BRICS countries well placed to take a leadership role
in helping eradicate global hunger and poverty by 2030
The five countries, known collectively as the “BRICS” (Brazil, Russia,
India, China and South Africa), form an important economic block. They account
for more than 40 percent of the world’s population and over 20 percent of
global GDP. Together, they produce more than one-third of global cereal
production. Last year, Russia became the largest wheat exporter in the world.
“The BRICS countries play an important political role in the
international arena. Developing countries around the world look to your
successes in economic development over the past few decades as an example to
follow,” said Kundhavi Kadiresan, Assistant Director-General and FAO’s Regional
Representative for Asia and the Pacific, during a statement to the 7th Meeting
of the BRICS Ministers of Agriculture, in Nanjing, China. “Your experiences
provide a path that can help us all meet our global collective commitments, namely
those of the 2030 Agenda for Sustainable Development – its 17 Sustainable
Development Goals – and the Paris climate accord.”
Kadiresan pointed out that, despite trends towards urbanization, poverty
in the world today is primarily rural. As a result, accelerating rural
development will be key to achieving the SDGs.
“The question is how can we do this? Our experiences in countries
in different parts of the world have shown that it can best be done through a
combination of agricultural growth and targeted social protection, but also
through growth in the rural nonfarm economy,” Kadiresan said. “Agriculture can
be a driver of sustained and inclusive rural growth. In low-income countries,
growth originating from agriculture is twice as effective in reducing poverty
as growth originating from other sectors of the economy.”
Equally important is that all the tools, approaches and technologies
developed must be useful and accessible to poor family farmers in developing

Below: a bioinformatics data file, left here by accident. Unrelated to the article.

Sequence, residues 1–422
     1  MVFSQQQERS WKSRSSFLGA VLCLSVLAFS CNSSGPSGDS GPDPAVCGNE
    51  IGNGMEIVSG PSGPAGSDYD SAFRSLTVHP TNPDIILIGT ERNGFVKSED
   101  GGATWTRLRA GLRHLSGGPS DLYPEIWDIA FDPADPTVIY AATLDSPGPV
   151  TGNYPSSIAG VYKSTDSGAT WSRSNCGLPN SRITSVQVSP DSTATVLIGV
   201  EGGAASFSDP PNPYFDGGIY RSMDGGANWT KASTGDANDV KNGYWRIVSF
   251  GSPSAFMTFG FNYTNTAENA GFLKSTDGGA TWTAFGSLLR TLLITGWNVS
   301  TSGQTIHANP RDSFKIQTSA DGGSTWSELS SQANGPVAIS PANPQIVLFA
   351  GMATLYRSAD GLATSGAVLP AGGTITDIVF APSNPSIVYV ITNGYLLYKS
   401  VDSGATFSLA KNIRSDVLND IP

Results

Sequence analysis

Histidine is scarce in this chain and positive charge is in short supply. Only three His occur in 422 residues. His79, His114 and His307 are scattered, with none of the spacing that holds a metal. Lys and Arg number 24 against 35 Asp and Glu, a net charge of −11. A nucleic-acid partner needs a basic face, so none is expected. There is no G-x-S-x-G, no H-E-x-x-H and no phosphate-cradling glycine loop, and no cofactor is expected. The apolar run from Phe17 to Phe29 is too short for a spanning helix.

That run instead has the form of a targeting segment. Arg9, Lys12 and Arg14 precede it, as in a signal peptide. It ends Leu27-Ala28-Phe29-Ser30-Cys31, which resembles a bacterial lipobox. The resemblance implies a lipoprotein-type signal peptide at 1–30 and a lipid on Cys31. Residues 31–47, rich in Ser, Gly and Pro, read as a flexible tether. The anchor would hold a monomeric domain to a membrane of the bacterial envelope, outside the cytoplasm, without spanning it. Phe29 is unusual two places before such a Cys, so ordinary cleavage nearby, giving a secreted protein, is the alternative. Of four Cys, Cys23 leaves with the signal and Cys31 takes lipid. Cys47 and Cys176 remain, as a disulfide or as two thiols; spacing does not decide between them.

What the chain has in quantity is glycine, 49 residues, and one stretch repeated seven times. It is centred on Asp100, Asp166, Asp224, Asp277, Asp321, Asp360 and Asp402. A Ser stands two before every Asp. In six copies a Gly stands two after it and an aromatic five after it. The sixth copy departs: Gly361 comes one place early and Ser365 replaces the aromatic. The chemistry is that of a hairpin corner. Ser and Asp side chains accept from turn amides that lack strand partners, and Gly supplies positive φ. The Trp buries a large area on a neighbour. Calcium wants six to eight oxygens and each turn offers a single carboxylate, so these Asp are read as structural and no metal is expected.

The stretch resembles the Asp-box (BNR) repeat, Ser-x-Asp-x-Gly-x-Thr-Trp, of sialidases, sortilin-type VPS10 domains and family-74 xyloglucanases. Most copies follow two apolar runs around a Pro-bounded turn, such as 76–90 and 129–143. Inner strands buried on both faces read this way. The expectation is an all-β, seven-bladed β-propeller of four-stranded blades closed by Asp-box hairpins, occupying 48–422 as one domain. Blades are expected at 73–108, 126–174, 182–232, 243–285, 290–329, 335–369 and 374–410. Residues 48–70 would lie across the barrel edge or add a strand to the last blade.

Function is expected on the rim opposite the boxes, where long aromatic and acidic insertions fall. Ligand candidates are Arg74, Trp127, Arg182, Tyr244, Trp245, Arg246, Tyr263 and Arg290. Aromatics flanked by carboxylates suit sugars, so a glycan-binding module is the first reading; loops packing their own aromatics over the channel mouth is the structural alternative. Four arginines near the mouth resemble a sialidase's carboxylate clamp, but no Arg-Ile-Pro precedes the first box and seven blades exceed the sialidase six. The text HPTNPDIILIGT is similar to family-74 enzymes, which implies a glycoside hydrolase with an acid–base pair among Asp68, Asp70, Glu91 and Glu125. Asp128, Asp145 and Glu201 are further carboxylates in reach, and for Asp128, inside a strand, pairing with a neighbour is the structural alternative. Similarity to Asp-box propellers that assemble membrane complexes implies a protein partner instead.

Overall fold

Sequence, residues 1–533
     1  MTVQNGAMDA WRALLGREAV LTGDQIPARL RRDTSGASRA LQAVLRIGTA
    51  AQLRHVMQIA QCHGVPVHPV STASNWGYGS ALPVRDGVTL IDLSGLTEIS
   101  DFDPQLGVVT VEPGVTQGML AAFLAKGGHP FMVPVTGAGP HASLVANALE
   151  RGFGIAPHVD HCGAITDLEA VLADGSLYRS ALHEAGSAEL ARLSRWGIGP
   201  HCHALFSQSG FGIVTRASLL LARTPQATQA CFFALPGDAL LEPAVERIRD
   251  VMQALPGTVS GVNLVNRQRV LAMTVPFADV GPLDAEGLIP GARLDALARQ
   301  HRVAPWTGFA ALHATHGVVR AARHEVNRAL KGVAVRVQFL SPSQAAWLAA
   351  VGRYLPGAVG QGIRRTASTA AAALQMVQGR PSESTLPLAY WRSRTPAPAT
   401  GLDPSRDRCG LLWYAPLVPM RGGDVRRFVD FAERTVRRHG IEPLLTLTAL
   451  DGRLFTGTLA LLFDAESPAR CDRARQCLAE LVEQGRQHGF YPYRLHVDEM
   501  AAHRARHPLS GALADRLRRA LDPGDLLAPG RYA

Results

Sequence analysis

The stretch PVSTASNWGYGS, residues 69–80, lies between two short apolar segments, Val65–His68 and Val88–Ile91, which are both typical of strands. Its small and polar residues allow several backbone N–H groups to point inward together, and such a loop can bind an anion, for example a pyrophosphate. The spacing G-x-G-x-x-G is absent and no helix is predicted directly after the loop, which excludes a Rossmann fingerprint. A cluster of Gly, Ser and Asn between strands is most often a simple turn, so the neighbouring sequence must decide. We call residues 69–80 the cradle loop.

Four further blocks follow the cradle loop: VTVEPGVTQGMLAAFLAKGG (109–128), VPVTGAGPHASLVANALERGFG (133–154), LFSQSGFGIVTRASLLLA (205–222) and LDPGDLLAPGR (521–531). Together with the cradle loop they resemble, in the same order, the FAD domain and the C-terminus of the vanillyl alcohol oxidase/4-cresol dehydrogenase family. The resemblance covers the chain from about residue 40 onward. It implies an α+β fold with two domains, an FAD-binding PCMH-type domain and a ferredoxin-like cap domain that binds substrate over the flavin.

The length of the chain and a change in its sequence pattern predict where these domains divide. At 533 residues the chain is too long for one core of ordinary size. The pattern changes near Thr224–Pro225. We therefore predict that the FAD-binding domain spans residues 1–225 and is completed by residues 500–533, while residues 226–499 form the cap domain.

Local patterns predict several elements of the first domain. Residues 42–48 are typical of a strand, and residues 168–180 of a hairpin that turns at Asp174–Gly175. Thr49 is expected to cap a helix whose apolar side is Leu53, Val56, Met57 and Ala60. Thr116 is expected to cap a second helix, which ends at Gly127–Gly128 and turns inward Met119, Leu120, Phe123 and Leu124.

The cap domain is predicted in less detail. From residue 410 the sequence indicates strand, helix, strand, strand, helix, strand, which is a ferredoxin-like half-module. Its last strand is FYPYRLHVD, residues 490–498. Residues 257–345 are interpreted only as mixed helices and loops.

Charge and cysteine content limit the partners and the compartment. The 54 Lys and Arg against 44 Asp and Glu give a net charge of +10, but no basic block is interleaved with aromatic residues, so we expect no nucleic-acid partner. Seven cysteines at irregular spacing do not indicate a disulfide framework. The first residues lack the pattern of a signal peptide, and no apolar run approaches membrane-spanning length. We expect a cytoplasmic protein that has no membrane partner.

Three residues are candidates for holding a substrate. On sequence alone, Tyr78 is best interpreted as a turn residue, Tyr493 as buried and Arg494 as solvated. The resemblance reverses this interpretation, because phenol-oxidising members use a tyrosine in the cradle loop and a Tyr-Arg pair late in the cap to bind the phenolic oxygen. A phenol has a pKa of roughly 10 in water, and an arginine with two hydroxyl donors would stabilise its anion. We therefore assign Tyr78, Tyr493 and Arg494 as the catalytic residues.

countries so that they can increase production and productivity. It was noted
that government-led initiatives such as South Africa’s Fetsa Tlala, which aims
to support subsistence and smallholder farmers expand cultivated land to food
production, was an excellent example.
BRICS strong in agricultural research
The Ministers heard that achieving agricultural growth would also require
investments in research and development, and the BRICS countries could play a
leading role in this, as all five countries have strong agricultural research
systems that are working on many of the challenges faced by developing
countries, such as feeding a growing population in a sustainable way.
Biotechnology would also play a key role in these advances, as would
agro-ecological approaches. Climate-smart agriculture will be essential to
adapt to the uncertain changes facing our farmers, and it will rely heavily on
Information and Communication Technologies (ICTs) are becoming more
widespread by the day, and they offer a promising approach to address many of
the challenges smallholders face with regard to information on prices, weather
forecasts, vaccines, financial services, and much more. FAO is collaborating
with the G20, the OECD and International Food Policy Research Institute (IFPRI)
in order to make sure these technologies benefit smallholders.
Agricultural growth cannot solve these issues on its own
Agricultural growth, as important as it is, cannot eradicate hunger and
poverty all by itself – social protection programmes can also play a key role
in rural development. These programmes have important poverty reduction and
health benefits, and can also strengthen the confidence of family farmers,
encouraging them to become more entrepreneurial. Brazil’s Fome Zero and India’s
National Rural Employment Guarantee Act are global references in this regard.
Kadiresan stressed that it is important not to overlook the key role
played by the rural nonfarm economy in fostering rural development.
“As economies transform, most farm households obtain significant income
from activities other than farming. The income from these activities provides
not only a higher standard of living, but also a more stable one in many cases.
Governments play a key role in encouraging this transformation by investing in
rural health and education,” Kadiresan said. “While these investments are
typically not within the Ministry of Agriculture’s mandate, we must support
such investments, as they are in the interest of our rural constituents. Where
would any of us be today without the opportunities provided by our former
teachers and a strong educational system?”
The Ministers heard that international trade could also serve as an
effective instrument in promoting food security and act as an adaptation tool
to climate change. When an inevitable bad harvest occurs, as it does in every
country at some stage, timely imports can help to rebalance the domestic food
economy. In this regard, the Agricultural Market Information System (AMIS), a
G20 initiative led by FAO, makes an important contribution to ensuring
well-functioning and transparent global food markets.
Kadiresan welcomed the Government of China’s Belt and Road Initiative,
which she said would create a great opportunity for South-South Cooperation
among all countries involved. She also acknowledged the Government’s leading
role in supporting FAO’s South-South and triangular cooperation programme.
For further information, contact:
Allan Dow, FAO Regional Communication Officer (Asia-Pacific), firstname.lastname@example.org